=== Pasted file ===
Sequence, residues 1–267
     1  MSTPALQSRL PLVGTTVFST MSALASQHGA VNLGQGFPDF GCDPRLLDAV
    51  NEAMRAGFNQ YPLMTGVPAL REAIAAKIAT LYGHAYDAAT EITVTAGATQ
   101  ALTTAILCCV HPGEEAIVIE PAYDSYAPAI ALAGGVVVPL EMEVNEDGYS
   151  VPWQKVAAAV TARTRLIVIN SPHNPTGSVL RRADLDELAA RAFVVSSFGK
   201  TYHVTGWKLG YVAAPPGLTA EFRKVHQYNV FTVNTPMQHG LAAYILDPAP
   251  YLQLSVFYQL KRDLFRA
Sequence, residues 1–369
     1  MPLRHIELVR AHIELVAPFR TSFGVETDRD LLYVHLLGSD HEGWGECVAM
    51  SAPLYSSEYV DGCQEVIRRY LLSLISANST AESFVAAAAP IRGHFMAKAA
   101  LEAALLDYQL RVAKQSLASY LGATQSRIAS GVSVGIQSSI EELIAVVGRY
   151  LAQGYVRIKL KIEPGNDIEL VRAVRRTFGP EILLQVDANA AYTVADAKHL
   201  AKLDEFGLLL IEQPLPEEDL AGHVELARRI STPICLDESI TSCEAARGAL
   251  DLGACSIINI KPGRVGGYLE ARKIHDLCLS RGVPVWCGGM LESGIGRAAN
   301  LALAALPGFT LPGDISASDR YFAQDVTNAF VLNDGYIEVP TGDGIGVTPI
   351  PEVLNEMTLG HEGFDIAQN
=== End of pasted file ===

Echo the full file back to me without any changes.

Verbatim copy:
Sequence, residues 1–267
     1  MSTPALQSRL PLVGTTVFST MSALASQHGA VNLGQGFPDF GCDPRLLDAV
    51  NEAMRAGFNQ YPLMTGVPAL REAIAAKIAT LYGHAYDAAT EITVTAGATQ
   101  ALTTAILCCV HPGEEAIVIE PAYDSYAPAI ALAGGVVVPL EMEVNEDGYS
   151  VPWQKVAAAV TARTRLIVIN SPHNPTGSVL RRADLDELAA RAFVVSSFGK
   201  TYHVTGWKLG YVAAPPGLTA EFRKVHQYNV FTVNTPMQHG LAAYILDPAP
   251  YLQLSVFYQL KRDLFRA
Sequence, residues 1–369
     1  MPLRHIELVR AHIELVAPFR TSFGVETDRD LLYVHLLGSD HEGWGECVAM
    51  SAPLYSSEYV DGCQEVIRRY LLSLISANST AESFVAAAAP IRGHFMAKAA
   101  LEAALLDYQL RVAKQSLASY LGATQSRIAS GVSVGIQSSI EELIAVVGRY
   151  LAQGYVRIKL KIEPGNDIEL VRAVRRTFGP EILLQVDANA AYTVADAKHL
   201  AKLDEFGLLL IEQPLPEEDL AGHVELARRI STPICLDESI TSCEAARGAL
   251  DLGACSIINI KPGRVGGYLE ARKIHDLCLS RGVPVWCGGM LESGIGRAAN
   301  LALAALPGFT LPGDISASDR YFAQDVTNAF VLNDGYIEVP TGDGIGVTPI
   351  PEVLNEMTLG HEGFDIAQN